Volunteer Coordinator’s Letterhead
(Download Word version in right sidebar)
The Honorable (name of your judge)
United States District Court Judge
(Name of your judicial district)
(Address of your judicial district)
City of your judicial district, state, zip
Regarding: U.S.—v—Your name and case number
Dear Judge (last name):
My name is [name of coordinator] and I am writing this letter on behalf of X. I have interacted with him socially and professionally since 2005. I met X while he was volunteering as a baseball coach at Buckley High School, where my son is a junior. During this time, I have discussed in depth all stages of his case with him. I believe I have a firm grasp of his character.
Besides serving as a volunteer coordinator, I have owned my own dental practice in Encino for the past 29 years. I am also a member of the clinical faculty at the University of Southern California School of Dentistry.
As the government’s case progressed against X, it became apparent that the professional and personal damage to him could be devastating. It would have been easy for X to shut down emotionally, or act as if he were a victim of the system.
That never happened. In fact, the opposite is true.
X fully acknowledged the poor decisions he made. He pledged to work toward making things write by cooperating fully with the government. He never diminished the seriousness of his crime and the pain his poor decisions had upon his victim. X is quick to blame himself for the problems he has caused, and the sanction that he must endure.
Legal representation has been financially draining for X. One would think that he would take advantage of any professional opportunity to alleviate his financial stress. Yet that hasn’t been the case.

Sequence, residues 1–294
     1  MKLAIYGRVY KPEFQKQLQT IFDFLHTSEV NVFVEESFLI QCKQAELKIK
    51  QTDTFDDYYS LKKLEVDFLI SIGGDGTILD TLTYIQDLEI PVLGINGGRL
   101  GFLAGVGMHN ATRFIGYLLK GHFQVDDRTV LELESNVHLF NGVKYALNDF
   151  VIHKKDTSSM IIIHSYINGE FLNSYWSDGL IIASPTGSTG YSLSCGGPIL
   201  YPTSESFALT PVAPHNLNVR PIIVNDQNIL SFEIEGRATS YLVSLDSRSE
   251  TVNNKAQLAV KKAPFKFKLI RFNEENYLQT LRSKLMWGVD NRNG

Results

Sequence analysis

Early in our relationship, I asked X to represent my wife and me in the sale of our house and the purchase of a new property. The transaction would have brought X more than $100,000 in commissions. Certainly, he needed the money. Yet instead of taking the easy opportunity, he advised me to wait a year, when I would be 55. Despite knowing that he would likely be incarcerated then, and miss the commission, he wanted me to benefit from tax advantages that would not be available until I was 55.
X made a seriously flawed decision in his career, and he knows it. He also knows that a victim lost money because of his lapse in judgment. What impresses me most about X is his personal responsibility. He has sold all of his belongings and voluntarily given those proceeds to the victim. He has volunteered hundreds of hours to help young people.
The results of his actions will be with him for the rest of his life. But I don’t have any doubt that he’ll spend that time working to prove worthy of the many blessings that he still has.
I hope that you will take these thoughts into consideration as you think about the appropriate punishment for his crime.